An apparatus for implementing the above described method comprises a die simulating the outside contour of an in-the-ear hearing aid module, the die having a hollow interior, having a plate with a stem detacably detached at its distal end, and having a connector at its proximal end. An over-shell for the die which includes a proximal hole for the connector is provided and a cap implaceable onto the connector and including a through channel into the hollow interior of the die completes the assembly. The apparatus may also include a positioning part that can be mounted on the die instead of the plate which has the stem and the positioning part would leave the position mark behind in the negative of the ear impression. Specifically, the fixing star having points which leave fixing depressions behind in the negative as position marks is preferably utilized. Also, a retaining plate which fits to the fixing star with attached ear impression is useful, the fixing star being insertable such into the retaining plate that the star points project out of the rim of the retaining plate.
The hollow die as well as the through channel in the cap allow the production of an ear impression directly in the auditory canal wherein the die (including over-shell and cap) simulating the later in-the-ear hearing aid module is already inserted, since excess ear impression material can flow via the through channel of the cap into the interior of the hollow die. A displacement of excess ear impression material into the back auditory canal is thereby avoided. An impression directly in the auditory canal, however, is especially advantageous since it is particularly precise in reflecting the tissue contours with respect to the latter in-the-ear hearing aid module which is to be inserted together with an otoplastic shell. In the standard ear impression method, i.e. production of an ear impression without inserted substitute structure for the later in-the-ear hearing aid module, an ear impression merely reflecting the unstressed situation of the tragus as well as of the auditory canal is obtained that only approximately corresponds to the stressed condition (due to the inserted hearing aid module). An otoplastic shell to be produced in accord with the invention is thus matched to the actual conditions of the auditory canal in a truer-to-nature fashion than is an otoplastic shell produced in accord with the normal impression method.
Further advantages and details of the invention derive from the following description of an exemplary embodiment with reference to the drawing.
FIG. 1 is a die comprising a distally screw-connectible plate with stem, an over-shell and a cap that are utilized for producing an ear impression in accord with the invention, shown in an exploded view.
FIG. 2 is an ear impression of the invention.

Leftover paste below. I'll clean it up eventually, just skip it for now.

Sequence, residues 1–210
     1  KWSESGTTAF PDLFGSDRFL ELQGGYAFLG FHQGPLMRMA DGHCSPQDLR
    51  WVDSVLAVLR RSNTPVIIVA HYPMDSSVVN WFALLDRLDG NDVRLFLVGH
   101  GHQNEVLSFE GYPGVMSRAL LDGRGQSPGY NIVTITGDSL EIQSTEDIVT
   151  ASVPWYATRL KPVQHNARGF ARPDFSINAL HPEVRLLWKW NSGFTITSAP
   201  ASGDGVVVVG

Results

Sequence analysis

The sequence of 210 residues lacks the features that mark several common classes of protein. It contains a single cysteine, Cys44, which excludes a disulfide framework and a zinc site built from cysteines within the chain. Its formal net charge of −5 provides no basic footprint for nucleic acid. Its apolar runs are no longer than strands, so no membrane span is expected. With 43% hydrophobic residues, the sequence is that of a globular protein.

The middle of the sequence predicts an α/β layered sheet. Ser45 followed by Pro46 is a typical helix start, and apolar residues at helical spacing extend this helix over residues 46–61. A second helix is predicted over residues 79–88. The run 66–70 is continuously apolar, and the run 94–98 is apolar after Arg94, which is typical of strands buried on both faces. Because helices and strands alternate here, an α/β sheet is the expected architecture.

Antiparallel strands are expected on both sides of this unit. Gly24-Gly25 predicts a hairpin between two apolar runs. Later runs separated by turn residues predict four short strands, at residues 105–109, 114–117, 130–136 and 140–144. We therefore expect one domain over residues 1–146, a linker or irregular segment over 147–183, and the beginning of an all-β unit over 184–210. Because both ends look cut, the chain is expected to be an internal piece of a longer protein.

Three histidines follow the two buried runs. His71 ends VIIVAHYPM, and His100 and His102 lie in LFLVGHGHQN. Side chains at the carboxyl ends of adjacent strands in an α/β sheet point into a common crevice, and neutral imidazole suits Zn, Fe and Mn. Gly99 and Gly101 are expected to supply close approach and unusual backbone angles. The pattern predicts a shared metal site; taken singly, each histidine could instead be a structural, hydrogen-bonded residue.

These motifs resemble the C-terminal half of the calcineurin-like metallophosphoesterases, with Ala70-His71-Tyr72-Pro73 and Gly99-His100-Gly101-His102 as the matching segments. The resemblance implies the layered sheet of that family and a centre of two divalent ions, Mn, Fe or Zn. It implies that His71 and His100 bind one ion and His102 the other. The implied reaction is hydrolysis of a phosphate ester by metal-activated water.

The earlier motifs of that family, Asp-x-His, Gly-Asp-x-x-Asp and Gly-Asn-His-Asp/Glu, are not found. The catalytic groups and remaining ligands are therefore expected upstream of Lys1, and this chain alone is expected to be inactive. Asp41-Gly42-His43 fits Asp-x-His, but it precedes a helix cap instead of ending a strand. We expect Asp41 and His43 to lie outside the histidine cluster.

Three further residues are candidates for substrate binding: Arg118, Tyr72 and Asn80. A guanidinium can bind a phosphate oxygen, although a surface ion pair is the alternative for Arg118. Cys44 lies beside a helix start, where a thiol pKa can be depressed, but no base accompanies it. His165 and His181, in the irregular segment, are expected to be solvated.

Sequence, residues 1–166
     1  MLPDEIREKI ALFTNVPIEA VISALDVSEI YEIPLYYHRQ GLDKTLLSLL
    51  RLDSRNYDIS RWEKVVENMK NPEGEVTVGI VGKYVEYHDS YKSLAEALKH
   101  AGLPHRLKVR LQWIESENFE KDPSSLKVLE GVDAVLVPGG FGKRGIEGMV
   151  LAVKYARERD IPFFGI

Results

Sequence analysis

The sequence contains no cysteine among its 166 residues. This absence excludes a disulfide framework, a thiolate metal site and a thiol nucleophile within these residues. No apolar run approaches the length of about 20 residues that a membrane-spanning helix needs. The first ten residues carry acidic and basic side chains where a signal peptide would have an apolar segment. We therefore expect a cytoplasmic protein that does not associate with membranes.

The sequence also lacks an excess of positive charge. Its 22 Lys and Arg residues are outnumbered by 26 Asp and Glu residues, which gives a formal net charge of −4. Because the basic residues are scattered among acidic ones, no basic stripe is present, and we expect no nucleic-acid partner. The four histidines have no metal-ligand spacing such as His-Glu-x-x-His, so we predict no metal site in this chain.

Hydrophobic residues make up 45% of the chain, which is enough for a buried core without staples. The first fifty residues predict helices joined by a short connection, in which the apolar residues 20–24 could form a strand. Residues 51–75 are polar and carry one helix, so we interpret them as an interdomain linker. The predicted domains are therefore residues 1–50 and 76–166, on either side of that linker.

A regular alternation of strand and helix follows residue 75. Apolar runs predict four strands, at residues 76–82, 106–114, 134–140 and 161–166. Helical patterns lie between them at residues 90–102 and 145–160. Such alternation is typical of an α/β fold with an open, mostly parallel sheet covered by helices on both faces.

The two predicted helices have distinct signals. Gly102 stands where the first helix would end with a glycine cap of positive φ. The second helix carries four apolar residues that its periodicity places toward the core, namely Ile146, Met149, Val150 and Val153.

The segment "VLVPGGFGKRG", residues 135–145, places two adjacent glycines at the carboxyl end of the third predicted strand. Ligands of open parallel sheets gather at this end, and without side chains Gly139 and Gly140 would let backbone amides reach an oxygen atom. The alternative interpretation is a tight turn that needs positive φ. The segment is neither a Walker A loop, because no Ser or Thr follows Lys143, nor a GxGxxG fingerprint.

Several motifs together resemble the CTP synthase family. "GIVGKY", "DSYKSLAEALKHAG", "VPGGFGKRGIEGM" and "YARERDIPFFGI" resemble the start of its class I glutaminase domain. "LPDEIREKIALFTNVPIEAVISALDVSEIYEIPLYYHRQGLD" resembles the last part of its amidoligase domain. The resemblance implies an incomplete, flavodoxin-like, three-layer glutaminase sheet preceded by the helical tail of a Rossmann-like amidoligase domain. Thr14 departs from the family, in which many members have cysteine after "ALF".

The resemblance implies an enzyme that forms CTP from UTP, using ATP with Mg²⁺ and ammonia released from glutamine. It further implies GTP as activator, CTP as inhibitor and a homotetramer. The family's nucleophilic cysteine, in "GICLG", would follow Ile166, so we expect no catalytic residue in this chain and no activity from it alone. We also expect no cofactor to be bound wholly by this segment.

FIG. 3 is the cleaned ear impression after screwing the stem off, together with a fixing star that can be screwed on instead of the stem.
FIG. 4 is a retaining plate mating with the fixing star.
FIGS. 5 and 6 manufacture of a negative of the ear impression together with the fixing star and retaining plate.
FIG. 7 is the casting form of the negative with precise position marks for the re-attachment of the fixing star.
FIG. 8 is a die with screw-connectible fixing star, an over-shell and a cap without through opening that are utilized for the production of an otoplastic shell of the invention, shown in an exploded view.
FIG. 9 is the casting-out of the negative impression of FIG.7 with fluid otoplastic material.
FIG. 10 is the immersion of the assembled arrangement of FIG. 8 into the fluid otoplastic material.
FIG. 11 is the further processing of the blank for the purpose of producing the finished otoplastic.
FIG. 12 is an in-the-ear hearing aid module together with a finished otoplastic and a cerumen cover that can be screwed onto a threaded neck of the module, shown in an exploded view.
FIG. 13 is a plan view of the cerumen cover of FIG. 12.
In FIG. 1, a die 1 of, for example, plastic encompasses a hollow interior 2 as well as screw holes 3 at the distal end. Screws 4 fit into the screw holes 3. A plate 5 including a stem 5' and a vent hole 5", which corresponds to an end face (face plate) can be screwed to the distal die end with these screws 4 via bores 6.
At its proximal end, the die 1 includes a connector 7 which, after an over-shell 8 has been inverted thereover, projects at least partially out from a proximal hole 9 of the over-shell 8. A plastic cap 10 is secured on that part of the connector 7 projecting from the hole 9, this plastic cap containing a central through channel 11 for connection to the hollow interior 2 of the die 1.